If we are to make the rhetoric of Ann Coffey's report a reality, we will have to accept CSE is not isolated to one or two cities, and we have to recognise that just talking about it isn't enough. We will need to ensure that there is proper investment in early intervention and prevention, good quality education, targeted support and sexual health services, despite the financial landscape. The economic and social costs of not tackling the root causes of child sexual exploitation are too high for the young people involved and for society as a whole.

If we are to make the change we all want we must trust young people, value their sexuality, understand healthy sexual development, and address the root causes of violence. This report is yet another reminder that it is time for us to grow up and adopt a no nonsense approach to supporting young people and their developing sexuality, and a no excuses approach to violence and exploitation that at Brook we know will deliver results.

3 comments:

merchiron said...

I agree with just about everything that has been written by Simon Blake and Brook is one of those organisations which could help young people to step forward and ask for help with regards sexual abuse, violence and exploitation. Many do and how do I know this? I worked as a counsellor at Brook for fourteen years and during that time many young people disclosed sexual abuse to me. Then they received counselling as well as support through the Courts. However, when I left Brook the counsellors who supported both the drop in and the one to one counselling work, were sadly the 'poor relations', under valued, rarely listened to and under pressure to get the work done 'quickly'. They were the first group to have their hours cut when there were funding problems. Working with sexual abuse is time consuming and intensive. This vulnerable group need trained, experienced and well supervised counsellors to work with them. The work cannot be rushed. As the Chief Executive of Brook, Simon Blake could do something about this. First look at how much of a priority working with this vulnerable group is or should I say is not, how little resourced it is at Brook and how few experienced counsellors work at Brook Centres. In my experience Brook Clinics (the word clinic suggests where priorities lie) have in the past provided a wonderful safety net for this vulnerable group but the work has become less of a priority as the years have rolled past. This work needs to be fully funded, supported and supervised. The counsellors on the drop-ins need to be listened to and consulted with since they have been on the front line. Brook should be at the forefront in dealing with sexual abuse and exploitation. We have only seen the tip of the iceberg with what has been revealed recently. Having worked as a counsellor I know this because sexual abuse and violence as well as exploitation was something I heard about weekly at Brook although no one seemed overly concerned about prioritising support for this vulnerable group.. Words, rhetoric and blog messages are hot air. Immediate action is required.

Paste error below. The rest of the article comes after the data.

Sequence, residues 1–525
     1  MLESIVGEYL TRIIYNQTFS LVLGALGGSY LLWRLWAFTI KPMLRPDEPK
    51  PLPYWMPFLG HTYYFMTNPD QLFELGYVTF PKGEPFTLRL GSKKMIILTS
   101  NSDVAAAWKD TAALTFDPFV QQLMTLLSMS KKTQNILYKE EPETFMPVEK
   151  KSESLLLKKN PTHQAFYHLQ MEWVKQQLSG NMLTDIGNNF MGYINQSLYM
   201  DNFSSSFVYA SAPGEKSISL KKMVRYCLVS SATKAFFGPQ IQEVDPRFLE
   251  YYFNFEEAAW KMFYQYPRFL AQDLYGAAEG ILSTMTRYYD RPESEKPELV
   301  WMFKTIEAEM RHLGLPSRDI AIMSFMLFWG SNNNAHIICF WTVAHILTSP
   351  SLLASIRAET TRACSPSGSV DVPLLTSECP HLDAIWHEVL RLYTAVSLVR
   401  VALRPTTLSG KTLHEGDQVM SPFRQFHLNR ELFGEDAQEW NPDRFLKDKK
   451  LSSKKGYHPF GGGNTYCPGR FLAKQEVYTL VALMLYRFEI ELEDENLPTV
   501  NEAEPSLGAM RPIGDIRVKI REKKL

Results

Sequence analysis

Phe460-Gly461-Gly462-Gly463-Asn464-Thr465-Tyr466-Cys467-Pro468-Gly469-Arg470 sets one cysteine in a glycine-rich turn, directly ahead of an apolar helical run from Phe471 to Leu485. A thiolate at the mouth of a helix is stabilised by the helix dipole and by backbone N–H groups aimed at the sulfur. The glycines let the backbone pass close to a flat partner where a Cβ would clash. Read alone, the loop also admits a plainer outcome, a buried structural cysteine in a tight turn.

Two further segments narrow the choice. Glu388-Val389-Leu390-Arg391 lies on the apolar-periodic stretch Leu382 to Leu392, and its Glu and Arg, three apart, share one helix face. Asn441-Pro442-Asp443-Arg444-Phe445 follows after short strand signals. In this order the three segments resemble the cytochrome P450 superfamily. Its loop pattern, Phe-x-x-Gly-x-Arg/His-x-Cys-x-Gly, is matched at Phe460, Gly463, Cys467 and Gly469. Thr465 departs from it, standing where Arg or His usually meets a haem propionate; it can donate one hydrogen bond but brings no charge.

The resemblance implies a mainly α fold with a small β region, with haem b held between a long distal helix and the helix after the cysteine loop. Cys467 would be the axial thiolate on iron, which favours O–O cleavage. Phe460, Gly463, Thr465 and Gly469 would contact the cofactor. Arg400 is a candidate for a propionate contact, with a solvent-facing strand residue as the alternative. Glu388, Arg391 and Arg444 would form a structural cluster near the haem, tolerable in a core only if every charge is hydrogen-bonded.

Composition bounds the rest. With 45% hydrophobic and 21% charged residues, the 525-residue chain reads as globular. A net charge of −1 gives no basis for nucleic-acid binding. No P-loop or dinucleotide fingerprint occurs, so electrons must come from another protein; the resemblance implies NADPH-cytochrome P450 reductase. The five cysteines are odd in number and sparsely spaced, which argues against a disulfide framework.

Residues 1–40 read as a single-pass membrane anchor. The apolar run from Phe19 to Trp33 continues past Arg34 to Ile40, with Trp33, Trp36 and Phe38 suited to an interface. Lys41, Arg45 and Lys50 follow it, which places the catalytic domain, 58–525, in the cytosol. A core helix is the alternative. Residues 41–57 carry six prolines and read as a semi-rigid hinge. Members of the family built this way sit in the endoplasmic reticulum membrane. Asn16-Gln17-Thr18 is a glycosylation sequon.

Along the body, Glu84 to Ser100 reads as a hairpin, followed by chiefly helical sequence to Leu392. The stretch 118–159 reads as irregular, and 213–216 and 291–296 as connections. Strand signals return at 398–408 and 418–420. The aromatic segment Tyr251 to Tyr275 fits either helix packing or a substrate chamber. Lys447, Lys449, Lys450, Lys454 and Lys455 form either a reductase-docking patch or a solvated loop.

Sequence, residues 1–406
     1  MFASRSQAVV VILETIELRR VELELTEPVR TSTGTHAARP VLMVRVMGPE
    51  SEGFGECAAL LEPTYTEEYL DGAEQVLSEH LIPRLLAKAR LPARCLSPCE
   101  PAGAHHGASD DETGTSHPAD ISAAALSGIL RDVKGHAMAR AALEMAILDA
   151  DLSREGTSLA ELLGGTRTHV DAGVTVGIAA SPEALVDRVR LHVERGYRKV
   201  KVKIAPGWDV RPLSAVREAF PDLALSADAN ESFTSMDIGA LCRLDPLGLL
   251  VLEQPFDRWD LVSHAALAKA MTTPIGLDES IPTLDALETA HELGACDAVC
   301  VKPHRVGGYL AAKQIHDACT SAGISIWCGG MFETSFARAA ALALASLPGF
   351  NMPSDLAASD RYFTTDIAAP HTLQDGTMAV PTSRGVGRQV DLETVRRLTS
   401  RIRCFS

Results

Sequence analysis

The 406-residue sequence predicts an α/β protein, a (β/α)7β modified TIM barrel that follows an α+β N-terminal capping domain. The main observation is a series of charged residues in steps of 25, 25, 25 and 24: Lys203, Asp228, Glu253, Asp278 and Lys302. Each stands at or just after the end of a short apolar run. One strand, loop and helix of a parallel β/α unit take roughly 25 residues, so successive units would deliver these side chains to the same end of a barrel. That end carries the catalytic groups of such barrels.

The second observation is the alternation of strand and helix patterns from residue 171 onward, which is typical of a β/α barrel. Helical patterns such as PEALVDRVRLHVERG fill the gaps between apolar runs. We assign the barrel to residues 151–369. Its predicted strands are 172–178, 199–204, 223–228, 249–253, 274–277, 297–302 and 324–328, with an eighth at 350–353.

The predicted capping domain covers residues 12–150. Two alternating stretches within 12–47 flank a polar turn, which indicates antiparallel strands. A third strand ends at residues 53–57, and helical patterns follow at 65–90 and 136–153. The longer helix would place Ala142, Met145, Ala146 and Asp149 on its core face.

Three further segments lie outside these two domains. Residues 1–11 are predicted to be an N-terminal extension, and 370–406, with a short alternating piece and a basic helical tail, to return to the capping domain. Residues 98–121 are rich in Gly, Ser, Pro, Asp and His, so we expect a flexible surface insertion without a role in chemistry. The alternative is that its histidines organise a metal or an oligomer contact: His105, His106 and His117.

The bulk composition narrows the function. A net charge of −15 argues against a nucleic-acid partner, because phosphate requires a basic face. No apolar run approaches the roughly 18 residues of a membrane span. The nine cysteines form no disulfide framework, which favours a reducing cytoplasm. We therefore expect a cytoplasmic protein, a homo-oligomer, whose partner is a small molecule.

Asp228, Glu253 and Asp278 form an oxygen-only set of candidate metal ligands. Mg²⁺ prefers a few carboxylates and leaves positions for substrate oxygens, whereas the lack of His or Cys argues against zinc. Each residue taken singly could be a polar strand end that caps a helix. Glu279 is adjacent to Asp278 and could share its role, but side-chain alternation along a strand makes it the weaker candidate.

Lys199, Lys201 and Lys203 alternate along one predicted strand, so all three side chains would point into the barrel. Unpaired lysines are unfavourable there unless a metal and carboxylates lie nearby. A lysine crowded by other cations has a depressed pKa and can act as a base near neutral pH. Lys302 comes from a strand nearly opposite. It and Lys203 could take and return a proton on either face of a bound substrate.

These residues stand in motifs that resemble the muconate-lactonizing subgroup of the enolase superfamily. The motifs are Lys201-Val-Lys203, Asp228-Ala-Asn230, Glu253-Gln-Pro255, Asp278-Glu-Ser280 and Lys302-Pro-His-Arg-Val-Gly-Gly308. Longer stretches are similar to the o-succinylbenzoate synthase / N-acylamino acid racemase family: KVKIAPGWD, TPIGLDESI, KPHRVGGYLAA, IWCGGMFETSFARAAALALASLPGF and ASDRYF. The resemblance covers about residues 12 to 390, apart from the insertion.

Simon Blake said...

Thanks very much for your message. I am unsure when you left Brook, or indeed where you worked. And you are absolutely right in some of our services, we have had reduced funding to provide counselling.

However we have some really important work going on in this area and if you want to find out what is happening in our Brook services in relation to counselling and support for young people I would be very happy to update you - my email is simon.blake@brook.org.uk

merchiron said...

I do hope that this is the case! However, I don't wish to rain on Simon's parade but if 'really important work' includes online counselling then I rest my case.

There are no short cuts when carrying out work with sexually abused/exploited young people. What Brook needs is 'fully trained', 'experienced' counsellors on all the drop ins so that they can pick up these very vulnerable young people during the normal consultations. Unfortunately, too many drop-ins operate more like medical centres now and are 'nurse led' sidelining counselling and the important role the counsellor plays.

Simon you did not address the issue of 'fully trained' and 'experienced staff' which is not surprising since some of the workers at Brook Centres have little of either and yet are let loose on these vulnerable young people. It's very sad really because Brook could be doing so much more.